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Eur J Public Health. 2011 Apr;21(2):145-50. doi: 10.1093/eurpub/ckq034. Epub 2010 Jul 3.

Psychosocial correlates of objectively measured physical activity in children.

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Cancer Research UK Health Behaviour Research Centre, Department of Epidemiology and Public Health, University College London, London, UK.



A large proportion of UK children do not reach the recommended levels of physical activity (PA) required for optimum health. Few studies have investigated the psychosocial correlates of objectively measured PA in preadolescents. This study examined child attitudes and parental behaviours as correlates of children's activity.


In total, 278 children (138 boys and 140 girls) aged 7-9 years were recruited as part of the Physical Exercise and Appetite in Children Study (PEACHES). Activity was objectively measured using the Actigraph GT1M accelerometer; the variables were total PA (mean accelerometer counts min(-1)) and moderate and vigorous PA (MVPA) >2000 counts min(-1). Child-focussed variables were self-efficacy (Physical Activity Self-Efficacy scale), physical performance self-concept (Self-Perception Profile for Children), positive and negative outcome expectancies and liking for PA. Parental variables were PA and support for child activity.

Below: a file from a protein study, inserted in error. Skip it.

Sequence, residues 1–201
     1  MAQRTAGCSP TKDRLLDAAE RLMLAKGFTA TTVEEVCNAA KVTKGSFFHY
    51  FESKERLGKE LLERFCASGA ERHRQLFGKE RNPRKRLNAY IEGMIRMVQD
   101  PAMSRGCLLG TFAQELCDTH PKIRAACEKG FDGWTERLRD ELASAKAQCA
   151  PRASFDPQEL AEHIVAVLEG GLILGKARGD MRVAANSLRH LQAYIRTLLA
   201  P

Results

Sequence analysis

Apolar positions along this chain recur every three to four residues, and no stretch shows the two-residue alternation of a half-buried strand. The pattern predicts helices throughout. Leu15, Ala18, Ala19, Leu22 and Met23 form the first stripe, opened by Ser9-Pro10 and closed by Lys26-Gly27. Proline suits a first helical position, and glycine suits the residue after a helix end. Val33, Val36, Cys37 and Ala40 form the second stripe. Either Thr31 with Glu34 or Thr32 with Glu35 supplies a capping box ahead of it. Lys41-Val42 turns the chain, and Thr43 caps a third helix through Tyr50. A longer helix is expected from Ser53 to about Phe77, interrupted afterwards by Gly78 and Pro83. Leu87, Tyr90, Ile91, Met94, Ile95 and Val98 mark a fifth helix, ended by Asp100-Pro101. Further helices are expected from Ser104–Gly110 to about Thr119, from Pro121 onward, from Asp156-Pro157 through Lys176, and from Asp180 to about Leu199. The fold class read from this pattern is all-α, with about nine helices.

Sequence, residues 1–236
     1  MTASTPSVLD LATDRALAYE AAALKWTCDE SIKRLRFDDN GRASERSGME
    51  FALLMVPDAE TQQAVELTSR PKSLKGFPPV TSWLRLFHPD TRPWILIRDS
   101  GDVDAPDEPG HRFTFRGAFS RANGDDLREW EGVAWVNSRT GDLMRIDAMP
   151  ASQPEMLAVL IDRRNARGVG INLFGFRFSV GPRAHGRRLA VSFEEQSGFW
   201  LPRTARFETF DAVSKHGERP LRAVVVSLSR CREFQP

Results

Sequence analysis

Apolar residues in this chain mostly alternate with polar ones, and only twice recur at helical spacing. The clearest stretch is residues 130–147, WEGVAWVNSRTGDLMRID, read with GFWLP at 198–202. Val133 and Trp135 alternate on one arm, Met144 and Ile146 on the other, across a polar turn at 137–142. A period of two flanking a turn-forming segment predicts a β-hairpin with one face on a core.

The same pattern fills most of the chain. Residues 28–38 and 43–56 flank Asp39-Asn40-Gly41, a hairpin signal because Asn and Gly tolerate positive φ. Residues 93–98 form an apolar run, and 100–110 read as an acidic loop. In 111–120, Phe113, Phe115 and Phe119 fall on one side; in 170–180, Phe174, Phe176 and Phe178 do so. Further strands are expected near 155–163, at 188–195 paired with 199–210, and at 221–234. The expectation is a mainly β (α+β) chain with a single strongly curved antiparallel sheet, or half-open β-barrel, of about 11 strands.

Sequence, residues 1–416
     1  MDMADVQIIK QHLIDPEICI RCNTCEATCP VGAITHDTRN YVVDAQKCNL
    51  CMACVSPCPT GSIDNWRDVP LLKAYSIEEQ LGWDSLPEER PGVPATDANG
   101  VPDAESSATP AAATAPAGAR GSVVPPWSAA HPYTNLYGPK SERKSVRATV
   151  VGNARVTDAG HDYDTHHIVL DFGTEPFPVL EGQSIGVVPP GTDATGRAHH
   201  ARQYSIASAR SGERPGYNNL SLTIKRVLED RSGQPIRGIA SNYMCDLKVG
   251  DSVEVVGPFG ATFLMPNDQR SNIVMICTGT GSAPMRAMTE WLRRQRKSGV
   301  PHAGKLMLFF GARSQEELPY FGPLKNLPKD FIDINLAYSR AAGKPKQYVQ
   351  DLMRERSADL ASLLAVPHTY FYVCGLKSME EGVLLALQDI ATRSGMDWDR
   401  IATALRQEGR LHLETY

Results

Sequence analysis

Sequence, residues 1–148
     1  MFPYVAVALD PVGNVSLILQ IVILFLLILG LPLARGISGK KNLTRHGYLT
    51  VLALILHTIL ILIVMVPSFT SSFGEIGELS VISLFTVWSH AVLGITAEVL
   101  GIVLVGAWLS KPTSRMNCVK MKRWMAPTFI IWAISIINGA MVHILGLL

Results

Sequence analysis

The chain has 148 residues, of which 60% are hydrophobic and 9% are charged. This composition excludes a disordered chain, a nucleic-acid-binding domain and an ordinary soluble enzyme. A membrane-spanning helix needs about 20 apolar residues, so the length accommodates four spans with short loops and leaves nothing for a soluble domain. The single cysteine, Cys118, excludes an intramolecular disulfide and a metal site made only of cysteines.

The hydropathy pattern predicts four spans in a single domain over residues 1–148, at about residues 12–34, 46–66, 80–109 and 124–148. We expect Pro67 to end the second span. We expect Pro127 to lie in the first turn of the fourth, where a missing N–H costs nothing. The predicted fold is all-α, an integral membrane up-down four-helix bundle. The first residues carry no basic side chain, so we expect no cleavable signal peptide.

Significant sex-by-psychosocial outcome interactions were observed for total PA and MVPA, so data from boys and girls were analysed separately. No psychosocial or parental outcomes were correlated with activity in girls. Significant correlates of activity in boys (self-efficacy, self-concept and parental support) were entered in to a hierarchical regression using both total PA and MVPA and, controlling for BMI SD, SES and ethnicity. PA self-efficacy and self-concept were significantly independently associated with total PA, explaining around 12% of the variance. Self-efficacy was significantly associated with time spent in MVPA, also explaining around 12% of the variance in this behaviour. Parental support was not significant in the regression model.


PA self-efficacy and self-concept are significant correlates of objectively measured PA in UK boys.

[Indexed for MEDLINE]

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